We forget that there are different tea harvest seasons. The seasons and environmental conditions in which they are grown determine the leaves. Their flavors and properties are constantly changing. The concept of a “flush” comes into play. The flush is the time of year or season when the tea leaves are harvested, resulting in a completely different tea!
Darjeeling is an excellent example of this method of harvesting. These plants are valued and exclusive because of the challenging terrain. The leaves are harvested from four different flushes. Of these, the first and second flushes are the most well-known.
The first flush, or Easter Flush, is a collection of leaves picked between February and April. The plant’s first leaves after winter dormancy are these delicate, fresh young leaves. These tender leaves have a light, floral flavor and are astringent. These leaves are processed the least and oxidized to preserve the spring leaf flavor. They appear more green and white than other black teas. First, flush tea is a luxurious treat, often called the champagne of black tea.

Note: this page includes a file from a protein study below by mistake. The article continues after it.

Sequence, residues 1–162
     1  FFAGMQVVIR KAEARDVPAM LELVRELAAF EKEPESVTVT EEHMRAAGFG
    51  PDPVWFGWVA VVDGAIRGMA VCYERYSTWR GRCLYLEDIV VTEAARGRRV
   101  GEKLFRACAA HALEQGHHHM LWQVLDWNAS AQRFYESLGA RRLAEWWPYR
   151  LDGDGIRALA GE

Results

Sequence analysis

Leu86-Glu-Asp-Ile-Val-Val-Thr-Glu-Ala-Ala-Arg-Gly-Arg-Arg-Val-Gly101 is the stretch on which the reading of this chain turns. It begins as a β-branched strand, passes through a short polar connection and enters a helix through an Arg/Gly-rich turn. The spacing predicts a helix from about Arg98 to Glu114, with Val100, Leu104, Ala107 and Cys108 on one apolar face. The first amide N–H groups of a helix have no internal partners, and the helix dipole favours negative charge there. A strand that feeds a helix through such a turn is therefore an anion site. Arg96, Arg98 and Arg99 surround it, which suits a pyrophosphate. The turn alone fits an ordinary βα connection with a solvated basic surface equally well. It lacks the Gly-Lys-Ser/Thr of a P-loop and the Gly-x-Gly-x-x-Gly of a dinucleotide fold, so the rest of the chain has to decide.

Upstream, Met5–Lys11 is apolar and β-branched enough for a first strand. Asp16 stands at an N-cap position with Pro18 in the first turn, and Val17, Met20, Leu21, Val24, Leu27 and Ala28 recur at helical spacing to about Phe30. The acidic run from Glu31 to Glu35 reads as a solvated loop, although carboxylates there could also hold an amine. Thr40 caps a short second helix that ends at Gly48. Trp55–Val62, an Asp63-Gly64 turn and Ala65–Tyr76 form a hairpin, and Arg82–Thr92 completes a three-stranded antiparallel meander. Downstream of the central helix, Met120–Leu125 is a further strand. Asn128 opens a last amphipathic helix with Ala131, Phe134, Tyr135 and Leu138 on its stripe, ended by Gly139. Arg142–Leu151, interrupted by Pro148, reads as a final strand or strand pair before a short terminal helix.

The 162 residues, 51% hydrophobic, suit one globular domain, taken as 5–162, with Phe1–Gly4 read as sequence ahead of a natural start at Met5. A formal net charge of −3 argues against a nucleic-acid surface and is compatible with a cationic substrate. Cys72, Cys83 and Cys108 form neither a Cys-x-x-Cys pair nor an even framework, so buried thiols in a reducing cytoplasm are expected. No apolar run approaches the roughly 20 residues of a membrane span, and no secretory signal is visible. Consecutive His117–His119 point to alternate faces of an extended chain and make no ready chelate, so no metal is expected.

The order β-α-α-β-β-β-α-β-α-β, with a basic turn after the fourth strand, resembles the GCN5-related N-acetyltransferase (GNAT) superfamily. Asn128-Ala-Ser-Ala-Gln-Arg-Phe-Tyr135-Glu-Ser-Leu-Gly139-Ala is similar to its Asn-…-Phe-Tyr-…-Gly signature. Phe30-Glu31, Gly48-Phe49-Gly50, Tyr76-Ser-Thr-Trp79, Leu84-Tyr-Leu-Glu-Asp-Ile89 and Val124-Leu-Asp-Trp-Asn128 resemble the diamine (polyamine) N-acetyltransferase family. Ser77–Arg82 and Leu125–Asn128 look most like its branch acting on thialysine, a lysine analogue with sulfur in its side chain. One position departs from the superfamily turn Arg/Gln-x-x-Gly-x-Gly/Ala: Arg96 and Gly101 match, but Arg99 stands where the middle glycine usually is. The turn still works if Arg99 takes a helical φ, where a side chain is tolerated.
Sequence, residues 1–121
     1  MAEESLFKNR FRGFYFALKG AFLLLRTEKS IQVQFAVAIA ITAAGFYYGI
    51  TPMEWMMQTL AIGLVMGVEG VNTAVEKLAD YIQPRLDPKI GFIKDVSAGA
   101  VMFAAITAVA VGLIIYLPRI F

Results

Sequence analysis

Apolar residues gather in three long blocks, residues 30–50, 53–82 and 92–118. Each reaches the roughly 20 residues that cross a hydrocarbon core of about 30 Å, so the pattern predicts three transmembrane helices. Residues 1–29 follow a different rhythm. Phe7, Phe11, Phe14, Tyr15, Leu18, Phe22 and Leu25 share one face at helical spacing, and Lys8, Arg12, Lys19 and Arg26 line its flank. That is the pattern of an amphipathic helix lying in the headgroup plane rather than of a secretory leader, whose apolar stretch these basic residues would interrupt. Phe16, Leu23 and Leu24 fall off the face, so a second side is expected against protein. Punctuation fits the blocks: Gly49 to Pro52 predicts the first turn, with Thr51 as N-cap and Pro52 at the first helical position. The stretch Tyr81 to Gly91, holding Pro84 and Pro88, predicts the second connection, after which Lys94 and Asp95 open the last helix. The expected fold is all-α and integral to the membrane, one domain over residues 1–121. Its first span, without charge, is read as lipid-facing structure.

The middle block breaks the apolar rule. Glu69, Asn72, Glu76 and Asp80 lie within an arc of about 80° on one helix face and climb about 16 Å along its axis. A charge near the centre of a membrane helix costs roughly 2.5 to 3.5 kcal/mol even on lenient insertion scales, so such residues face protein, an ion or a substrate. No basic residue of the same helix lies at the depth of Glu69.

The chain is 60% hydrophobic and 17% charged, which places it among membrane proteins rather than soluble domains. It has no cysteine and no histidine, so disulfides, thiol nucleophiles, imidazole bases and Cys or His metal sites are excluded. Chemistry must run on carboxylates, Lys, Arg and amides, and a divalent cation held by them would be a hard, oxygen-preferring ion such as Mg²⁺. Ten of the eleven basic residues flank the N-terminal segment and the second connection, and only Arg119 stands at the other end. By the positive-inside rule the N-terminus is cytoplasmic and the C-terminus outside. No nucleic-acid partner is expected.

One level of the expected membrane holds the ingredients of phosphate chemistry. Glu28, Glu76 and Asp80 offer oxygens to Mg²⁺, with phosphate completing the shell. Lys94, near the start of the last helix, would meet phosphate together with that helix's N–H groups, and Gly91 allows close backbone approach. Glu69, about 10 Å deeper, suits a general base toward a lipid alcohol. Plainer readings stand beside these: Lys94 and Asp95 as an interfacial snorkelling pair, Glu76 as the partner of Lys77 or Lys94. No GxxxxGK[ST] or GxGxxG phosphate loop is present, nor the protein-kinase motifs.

You can get the second flush by picking out the fuller, more mature leaves growing between April and June. This season can last up to August in some areas. These leaves are larger and more aromatic than spring buds. They also grow faster. This tea is more substantial but still has a fruity flavor. It’s perfect for lazy summer evenings and long days.
Some regions produce their tea during a monsoon. The most prolonged plucking period begins when heavy rainfall falls on the crop. The leaves liquor becomes stronger and nuttier during this period. However, the quality of the leaves is affected by the rain. These leaves are used to make commercial tea bags and iced drinks.
The autumn flush is the last stage, when the crop squeezes out its good for one final time, producing a smooth, rich, nutty tea liquor with a deep copper color. This occurs in October and November, just before plants and tea pickers go on holiday for the winter.
I am always fascinated by the seasons changing and changing teas. It’s lovely to taste the other months as they pass. It is a joy to taste the tea harvest. Each season has its flavor, characteristic, and personality. Like wine, tea can be both understandable and accessible. We should brew tea to learn from its wisdom.